Poor prey for people parts


Everyone’s heard the urban legend about a person who wakes up in a drugged haze to discover that her kidney has been surgically removed. To people in some parts of the world, that spooky rumor is apparently all too true.

Recent Must Reads

12/12 – Grizzlies headed for grisly end

12/9 – Biodiversity buys the farm

12/8 – Bigger and badder corporations

12/7 – Talking ourselves out of conservation

In an interview published in FREEZERBOX, a Canadian physician reports that such incidents take place routinely in many poor countries where organ trafficking is big business. Some organ thieves, he says, will regularly attack — and even kill — homeless people and children to make off with the valuable organs.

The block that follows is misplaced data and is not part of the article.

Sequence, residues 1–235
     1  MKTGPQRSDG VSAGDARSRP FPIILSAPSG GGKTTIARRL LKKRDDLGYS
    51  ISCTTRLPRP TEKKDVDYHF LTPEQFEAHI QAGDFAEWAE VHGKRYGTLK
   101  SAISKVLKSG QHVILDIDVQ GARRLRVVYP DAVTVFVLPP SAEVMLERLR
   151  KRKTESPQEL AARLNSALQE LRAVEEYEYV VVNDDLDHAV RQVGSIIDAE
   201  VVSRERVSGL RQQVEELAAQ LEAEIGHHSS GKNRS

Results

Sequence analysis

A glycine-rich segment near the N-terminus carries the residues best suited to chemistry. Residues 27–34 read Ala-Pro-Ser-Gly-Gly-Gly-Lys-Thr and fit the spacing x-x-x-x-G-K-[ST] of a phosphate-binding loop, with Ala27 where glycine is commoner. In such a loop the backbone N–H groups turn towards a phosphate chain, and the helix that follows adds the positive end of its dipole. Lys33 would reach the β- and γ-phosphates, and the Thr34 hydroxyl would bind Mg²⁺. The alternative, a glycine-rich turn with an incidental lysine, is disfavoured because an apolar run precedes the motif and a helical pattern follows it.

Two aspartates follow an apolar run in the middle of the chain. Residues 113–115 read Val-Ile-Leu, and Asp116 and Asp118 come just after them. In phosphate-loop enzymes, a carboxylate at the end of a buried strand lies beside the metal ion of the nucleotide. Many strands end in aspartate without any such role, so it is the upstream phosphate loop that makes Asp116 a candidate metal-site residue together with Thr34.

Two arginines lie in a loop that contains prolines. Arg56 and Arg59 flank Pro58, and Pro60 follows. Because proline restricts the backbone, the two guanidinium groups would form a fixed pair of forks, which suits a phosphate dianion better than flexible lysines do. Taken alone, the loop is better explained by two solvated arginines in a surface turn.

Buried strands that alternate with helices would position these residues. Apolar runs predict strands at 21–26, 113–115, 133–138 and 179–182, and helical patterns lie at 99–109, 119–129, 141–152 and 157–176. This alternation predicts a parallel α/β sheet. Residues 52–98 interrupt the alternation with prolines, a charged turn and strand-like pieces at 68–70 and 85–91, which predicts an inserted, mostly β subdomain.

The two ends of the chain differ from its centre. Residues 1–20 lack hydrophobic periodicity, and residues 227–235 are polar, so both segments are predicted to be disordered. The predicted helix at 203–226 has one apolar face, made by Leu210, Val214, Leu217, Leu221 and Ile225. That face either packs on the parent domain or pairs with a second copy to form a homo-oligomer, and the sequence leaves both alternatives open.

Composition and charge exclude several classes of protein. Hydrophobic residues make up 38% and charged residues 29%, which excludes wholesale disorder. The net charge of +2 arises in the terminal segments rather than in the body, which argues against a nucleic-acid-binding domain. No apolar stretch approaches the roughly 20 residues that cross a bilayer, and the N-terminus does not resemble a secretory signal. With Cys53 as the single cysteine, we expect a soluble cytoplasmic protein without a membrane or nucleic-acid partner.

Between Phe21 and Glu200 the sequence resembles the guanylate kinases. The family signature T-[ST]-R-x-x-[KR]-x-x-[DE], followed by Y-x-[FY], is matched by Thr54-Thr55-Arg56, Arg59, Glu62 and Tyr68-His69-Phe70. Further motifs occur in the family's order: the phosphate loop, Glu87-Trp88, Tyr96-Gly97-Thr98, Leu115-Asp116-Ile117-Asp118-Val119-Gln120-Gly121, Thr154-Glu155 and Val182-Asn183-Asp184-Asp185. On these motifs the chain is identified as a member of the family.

Demand for human body parts, particularly from wealthy countries, keeps the global black market for gizzards booming. A human heart, the physician says, can fetch $5,000 and each gram of bone is worth many times its weight in cocaine.

Fact:

Mother Jones was founded as a nonprofit in 1976 because we knew corporations and the wealthy wouldn’t fund the type of hard-hitting journalism we set out to do.

Today, reader support makes up about two-thirds of our budget, allows us to dig deep on stories that matter, and lets us keep our reporting free for everyone. If you value what you get from Mother Jones, please join us with a tax-deductible donation so we can keep on doing the type of journalism that 2018 demands.

Donate Now